Rudolph C Troike rtroike at U.ARIZONA.EDU
Sat Dec 21 09:43:16 UTC 2002

"And the earth was without form, and void..." My guess is that the
extension of meaning of "inchoate" was by contamination from "incoherent",
not "chaos", as a sort of subtle malapropism, not easily detected. The
word is fairly rare and learned (a BNC search for frequencies, anyone?),
and subject to "infection" by users who are vaguely familiar with it (and
don't know what an "inchoative" is in grammar). Phonological similarity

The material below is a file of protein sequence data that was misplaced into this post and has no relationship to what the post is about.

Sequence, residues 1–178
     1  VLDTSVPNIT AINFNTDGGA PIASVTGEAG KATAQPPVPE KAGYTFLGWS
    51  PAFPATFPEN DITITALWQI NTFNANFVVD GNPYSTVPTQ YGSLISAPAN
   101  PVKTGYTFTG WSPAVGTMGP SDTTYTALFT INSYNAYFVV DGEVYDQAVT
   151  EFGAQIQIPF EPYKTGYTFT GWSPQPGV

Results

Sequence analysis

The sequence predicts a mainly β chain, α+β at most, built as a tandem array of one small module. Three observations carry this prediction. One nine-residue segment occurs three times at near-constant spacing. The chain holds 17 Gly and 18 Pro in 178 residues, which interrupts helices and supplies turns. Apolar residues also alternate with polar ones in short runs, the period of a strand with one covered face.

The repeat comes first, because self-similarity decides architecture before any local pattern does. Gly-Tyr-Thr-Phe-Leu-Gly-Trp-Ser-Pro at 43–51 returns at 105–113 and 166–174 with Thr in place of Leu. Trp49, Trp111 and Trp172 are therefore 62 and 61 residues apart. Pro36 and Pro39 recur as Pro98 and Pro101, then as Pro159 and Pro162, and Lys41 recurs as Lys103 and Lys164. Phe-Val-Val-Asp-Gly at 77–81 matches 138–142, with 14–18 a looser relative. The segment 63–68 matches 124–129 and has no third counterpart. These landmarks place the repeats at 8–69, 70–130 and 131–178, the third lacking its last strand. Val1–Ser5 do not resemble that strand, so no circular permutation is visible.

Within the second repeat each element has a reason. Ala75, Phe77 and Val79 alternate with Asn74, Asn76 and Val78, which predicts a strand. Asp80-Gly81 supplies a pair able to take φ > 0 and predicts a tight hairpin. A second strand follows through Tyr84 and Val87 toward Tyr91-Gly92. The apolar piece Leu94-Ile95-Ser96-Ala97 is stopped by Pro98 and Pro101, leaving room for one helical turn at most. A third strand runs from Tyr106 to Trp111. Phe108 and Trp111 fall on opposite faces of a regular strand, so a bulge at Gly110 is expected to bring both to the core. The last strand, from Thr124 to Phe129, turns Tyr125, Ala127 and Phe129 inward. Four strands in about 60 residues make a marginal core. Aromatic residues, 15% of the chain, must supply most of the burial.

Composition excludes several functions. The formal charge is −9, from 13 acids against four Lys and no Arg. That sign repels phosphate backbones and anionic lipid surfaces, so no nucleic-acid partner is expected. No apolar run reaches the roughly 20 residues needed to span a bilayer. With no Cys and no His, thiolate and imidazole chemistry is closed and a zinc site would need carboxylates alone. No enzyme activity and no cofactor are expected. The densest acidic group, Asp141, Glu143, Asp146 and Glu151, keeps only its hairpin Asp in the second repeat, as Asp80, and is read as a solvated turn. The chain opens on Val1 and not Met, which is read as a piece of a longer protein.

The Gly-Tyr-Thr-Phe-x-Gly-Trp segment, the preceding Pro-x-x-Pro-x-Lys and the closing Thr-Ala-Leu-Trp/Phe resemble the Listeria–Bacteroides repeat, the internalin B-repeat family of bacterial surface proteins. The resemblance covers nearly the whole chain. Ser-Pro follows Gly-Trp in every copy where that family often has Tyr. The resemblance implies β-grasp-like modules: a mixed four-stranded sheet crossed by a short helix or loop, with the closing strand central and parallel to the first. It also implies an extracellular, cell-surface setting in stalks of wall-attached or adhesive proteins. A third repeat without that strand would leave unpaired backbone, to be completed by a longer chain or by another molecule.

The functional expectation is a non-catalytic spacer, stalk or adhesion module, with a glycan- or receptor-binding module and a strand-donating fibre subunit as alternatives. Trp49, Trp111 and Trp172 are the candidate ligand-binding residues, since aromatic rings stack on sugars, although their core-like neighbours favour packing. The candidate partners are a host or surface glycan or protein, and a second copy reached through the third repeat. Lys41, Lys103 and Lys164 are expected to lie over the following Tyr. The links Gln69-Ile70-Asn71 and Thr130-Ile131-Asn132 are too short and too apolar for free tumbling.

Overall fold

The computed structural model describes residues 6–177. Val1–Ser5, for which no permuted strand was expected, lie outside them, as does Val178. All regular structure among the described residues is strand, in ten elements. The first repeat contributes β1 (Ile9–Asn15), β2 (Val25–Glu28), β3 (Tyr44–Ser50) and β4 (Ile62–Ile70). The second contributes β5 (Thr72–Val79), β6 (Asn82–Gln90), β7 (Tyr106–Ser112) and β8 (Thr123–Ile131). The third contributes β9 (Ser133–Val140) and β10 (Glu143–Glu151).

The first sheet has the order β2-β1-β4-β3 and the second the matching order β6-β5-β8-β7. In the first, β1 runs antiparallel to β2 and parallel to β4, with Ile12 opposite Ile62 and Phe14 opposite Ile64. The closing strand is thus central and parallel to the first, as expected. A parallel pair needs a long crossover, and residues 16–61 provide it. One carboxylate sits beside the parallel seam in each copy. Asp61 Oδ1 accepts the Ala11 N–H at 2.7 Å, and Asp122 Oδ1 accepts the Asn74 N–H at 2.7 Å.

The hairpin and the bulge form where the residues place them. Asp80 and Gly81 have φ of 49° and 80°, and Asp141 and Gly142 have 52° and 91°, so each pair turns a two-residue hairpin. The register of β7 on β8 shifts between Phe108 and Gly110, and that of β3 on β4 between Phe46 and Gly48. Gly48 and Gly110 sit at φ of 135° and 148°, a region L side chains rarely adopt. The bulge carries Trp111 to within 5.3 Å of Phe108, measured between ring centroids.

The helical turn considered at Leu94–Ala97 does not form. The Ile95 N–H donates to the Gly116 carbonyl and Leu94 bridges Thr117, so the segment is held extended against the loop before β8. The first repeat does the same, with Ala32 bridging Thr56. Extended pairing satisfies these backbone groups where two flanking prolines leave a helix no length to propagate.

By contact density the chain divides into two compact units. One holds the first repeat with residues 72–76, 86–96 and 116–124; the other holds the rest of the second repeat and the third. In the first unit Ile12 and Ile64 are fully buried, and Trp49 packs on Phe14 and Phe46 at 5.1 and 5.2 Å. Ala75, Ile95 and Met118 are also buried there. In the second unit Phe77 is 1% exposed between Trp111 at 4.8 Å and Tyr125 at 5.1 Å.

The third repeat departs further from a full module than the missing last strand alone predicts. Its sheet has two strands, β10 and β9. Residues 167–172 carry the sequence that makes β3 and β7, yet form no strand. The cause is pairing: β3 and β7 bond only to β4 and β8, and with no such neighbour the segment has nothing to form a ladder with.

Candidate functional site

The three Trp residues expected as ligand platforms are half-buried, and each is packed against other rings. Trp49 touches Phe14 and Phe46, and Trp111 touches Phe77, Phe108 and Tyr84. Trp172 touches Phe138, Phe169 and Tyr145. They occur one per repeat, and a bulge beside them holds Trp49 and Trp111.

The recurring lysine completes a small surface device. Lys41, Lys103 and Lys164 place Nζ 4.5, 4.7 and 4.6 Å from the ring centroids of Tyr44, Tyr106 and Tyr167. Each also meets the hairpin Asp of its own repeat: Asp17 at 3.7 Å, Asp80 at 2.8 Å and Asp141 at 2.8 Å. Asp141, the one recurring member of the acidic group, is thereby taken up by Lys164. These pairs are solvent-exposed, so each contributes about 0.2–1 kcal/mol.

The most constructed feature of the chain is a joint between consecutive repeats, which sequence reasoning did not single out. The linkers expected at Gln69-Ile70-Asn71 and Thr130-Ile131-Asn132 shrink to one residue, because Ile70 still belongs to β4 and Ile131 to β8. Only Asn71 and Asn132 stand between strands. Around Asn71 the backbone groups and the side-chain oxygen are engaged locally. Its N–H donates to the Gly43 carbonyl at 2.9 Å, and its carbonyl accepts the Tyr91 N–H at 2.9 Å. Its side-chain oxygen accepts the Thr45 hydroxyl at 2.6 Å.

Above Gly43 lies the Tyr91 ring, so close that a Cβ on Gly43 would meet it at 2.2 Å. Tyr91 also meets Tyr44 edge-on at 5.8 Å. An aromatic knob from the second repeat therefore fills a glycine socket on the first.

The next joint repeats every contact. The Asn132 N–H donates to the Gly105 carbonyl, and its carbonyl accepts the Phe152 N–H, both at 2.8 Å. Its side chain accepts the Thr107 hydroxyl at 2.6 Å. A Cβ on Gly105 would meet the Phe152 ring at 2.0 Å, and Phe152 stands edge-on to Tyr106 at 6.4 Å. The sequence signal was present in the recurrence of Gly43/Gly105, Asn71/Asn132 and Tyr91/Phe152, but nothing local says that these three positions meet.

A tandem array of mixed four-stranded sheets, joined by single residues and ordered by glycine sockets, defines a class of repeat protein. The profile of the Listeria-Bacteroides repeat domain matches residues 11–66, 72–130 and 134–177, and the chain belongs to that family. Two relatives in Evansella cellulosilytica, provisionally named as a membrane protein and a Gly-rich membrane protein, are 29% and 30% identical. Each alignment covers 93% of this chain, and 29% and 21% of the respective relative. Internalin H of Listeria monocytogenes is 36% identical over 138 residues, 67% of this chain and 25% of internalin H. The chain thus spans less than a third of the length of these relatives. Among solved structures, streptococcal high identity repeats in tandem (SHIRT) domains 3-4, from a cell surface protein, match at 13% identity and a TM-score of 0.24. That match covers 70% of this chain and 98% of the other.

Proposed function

helps the process, which is why I suggest that "incoherent" was the source
of the shift in meaning. (Of course, both influences could have been at
work, "chaos" giving a visual boost to its rarer cousin for spellers who
can't remember whether "i" precedes or follows "e".) Certainly, as has
been suggested, the close semantic association of something being in a
beginning state and being unorganized is a natural impetus, moreso than
"chaos", which to me always implies a violent state of disorder ("chaos
theory" to the contrary notwithstanding).


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